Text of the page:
Title:
Universal screw-saver extractor
Kind Code:
A1


Abstract:
A device that is utilized exclusively for extraction of plastic inserts such as screws, rivets, nails and the like from plastic housings that are components of automotive panel fasteners; said device being utilized to extract inserts without causing said inserts or housings to be damaged by the extraction process, thereby allowing reuse of said components.



Inventors:
Martin, Albert M. (Osteen, FL, US)
Application Number:
12/005536
Publication Date:
07/02/2009
Filing Date:
12/27/2007
Primary Class:
Other Classes:
81/436
International Classes:
B25B23/00; B25B15/00
View Patent Images:
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Primary Examiner:
MCDONALD, SHANTESE L
Attorney, Agent or Firm:
Albert M. Martin (Osteen, FL, US)
Claims:
1. (canceled)

2. (canceled)

3. A screw-saver extractor device comprising a conical-shaped shank resembling the shape of a screw; said shank having thin and sharp integral spiral cutting threads along an end-portion of its length.

4. The screw-saver extractor device according to claim 3 being integral in one piece.)

5. The screw-saver extractor device according to claim 3 being integral in one piece and having a tool-driver access in the opposite end of said device.)

6. The screw-saver extractor device according to claim 3 being combined with one or more pieces.

7. The screw-saver extractor device according to claim 3 being combined with one or more pieces and having a tool-driver access in the opposite end of the device.)

8. The screw-saver extractor device according to claim 3 being combined with two or more pieces, one being a moveable piece and one being a spring.

9. The screw-saver extractor device according to claim 3 combined with two or more pieces, one being a moveable piece, one being a spring and one having a tool-access in the opposite end of the device.

Description:

FEDERALLY SPONSORED RESEARCH

Not Applicable

SEQUENCE LISTING OR PROGRAM

Not Applicable

BACKGROUND OF THE INVENTION

1. Field of the Invention

The automotive industry utilizes plastic screws and other such inserts and housings as panel fasteners; said fasteners being required to be removed to facilitate repairs or maintenance, thereby requiring extraction of said inserts which often results in unnecessary and avoidable damage, thus requiring excessive time and expense to accomplish said repair or maintenance.

The current art invention identified in the title above relates to a device that is utilized to extract plastic screws and other such inserts that are already in use without causing damage to the inserts or their housings, thereby allowing their reuse after extraction.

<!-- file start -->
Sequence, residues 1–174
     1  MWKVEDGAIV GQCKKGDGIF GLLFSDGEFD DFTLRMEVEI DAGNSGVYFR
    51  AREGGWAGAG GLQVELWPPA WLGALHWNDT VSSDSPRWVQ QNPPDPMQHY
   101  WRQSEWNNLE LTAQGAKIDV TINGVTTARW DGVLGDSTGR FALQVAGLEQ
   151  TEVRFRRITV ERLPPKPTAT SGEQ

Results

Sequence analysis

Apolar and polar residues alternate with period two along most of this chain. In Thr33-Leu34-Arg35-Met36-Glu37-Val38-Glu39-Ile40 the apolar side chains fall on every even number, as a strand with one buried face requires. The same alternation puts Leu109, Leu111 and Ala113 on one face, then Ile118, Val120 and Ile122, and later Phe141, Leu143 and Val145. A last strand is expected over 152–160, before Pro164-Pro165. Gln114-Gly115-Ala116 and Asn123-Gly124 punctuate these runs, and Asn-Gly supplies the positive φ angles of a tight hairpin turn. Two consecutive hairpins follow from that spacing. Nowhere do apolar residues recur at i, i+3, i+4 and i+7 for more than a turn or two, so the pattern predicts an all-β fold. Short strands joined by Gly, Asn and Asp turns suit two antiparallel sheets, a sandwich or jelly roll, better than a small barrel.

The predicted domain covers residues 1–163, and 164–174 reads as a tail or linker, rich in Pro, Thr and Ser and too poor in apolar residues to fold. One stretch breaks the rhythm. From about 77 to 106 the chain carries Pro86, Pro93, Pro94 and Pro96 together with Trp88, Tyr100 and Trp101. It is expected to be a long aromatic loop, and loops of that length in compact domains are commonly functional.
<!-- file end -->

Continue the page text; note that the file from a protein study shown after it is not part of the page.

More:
2. Prior Art

Prior art extractors have been utilized primarily for the purpose of extracting broken or damaged threaded metal screws, studs, taps, bolts, pipes, plugs, spikes and other such fasteners from bone, wood, metal and the like by utilizing hand, electric and pneumatic powered devices such as screwdrivers, wrenches, twist drills, drill bits, rods, torx, chucks and various other associative devices, however no prior extractor patents have ever been granted for a device that extracts plastic screws from plastic housings utilized as automotive panel fasteners.

UNITED STATES PRIOR ART PATENTS

When the USPTO Quick Search databank is accessed by typing into the ‘Term 1’ All Fields' boxes, the query “plastic screw extractor” brings up “Results of Search in Patents Text Collection db for “plastic screw extractors”: 0 patents. No patents have matched your query.”

A further search under other queries brings up the prior art patents listed below; said patents pertaining to extraction devices of one type or another that are utilized to extract various items, damaged or otherwise, from dense materials; however none of those listed claim to extract plastic screws, rivets and nails or the like from plastic housings.

Please note that none of the patents listed below have anything to do with automotive panel fasteners.

  • 1. U.S. Pat. No. 155,429 Devine Sep. 10, 1874 Spike-Extractor
  • 2. U.S. Pat. No. 252,704 Southwick Jan. 24, 1882 Combined Drill And Countersink
  • 3. U.S. Pat. No. 401,113 Baumeister Apr. 9, 1889 Nail Extractor
  • 4. U.S. Pat. No. 1,105,535 Roberts Jul. 28, 1914 Screw Extractor
  • 5. U.S. Pat. No. 1,108,059 Zihler Aug. 18, 1914 Stub Puller;
  • 6. U.S. Pat. No. 1,458,076 Pofts Jan. 5, 1923 Extractor Device;
  • 7. U.S. Pat. No. 1,516,155 Santarelli Nov. 18, 1924 Nail Pulling Device
  • 8. U.S. Pat. No. 1,547,944 Murphree Jul. 28, 1925 Means For Removing Broken Stud Bolts
  • 9. U.S. Pat. No. 1,548,835 French Aug. 11, 1925 Device For Removing Broken Wood Screws;
  • 10. U.S. Pat. No. 1,785,847 Valentine Dec. 23, 1930 Screw Moving Means;
  • 11. U.S. Pat. No. 1,863,045 Randall Jun. 14, 1932 Extractor For Screws And The Like;
  • 12. U.S. Pat. No. 1,863,046 Githers Jun. 12, 1932 Extractor;
  • 13. U.S. Pat. No. 2,281,164 Maling Apr. 28, 1942 Device For Removing Broken Studs;
  • 14. U.S. Pat. No. 2,391,405 Fuglie Dec. 25, 1942 Method Of Removing Broken Studs;
  • 15. U.S. Pat. No. 2,408,450 Schrader Oct. 1, 1946 Broken Stud Remover;
  • 16. U.S. Pat. No. 2,435,137 Geertsema Jan. 27, 1948 Long Shaft Stud Driver
  • 17. U.S. Pat. No. 2,570,914 Buck Oct. 9, 1951 Nail Puller
  • 18. U.S. Pat. No. 2,570,915 Buck Oct. 9, 1951 Nail Puller
  • 19. U.S. Pat. No. 2,694,328 Freniere Nov. 16, 1954 Tools For Removing Studs Or The Like
  • 20. U.S. Pat. No. 2,709,570 Henry May 31, 1955 Pneumatic Nail Puller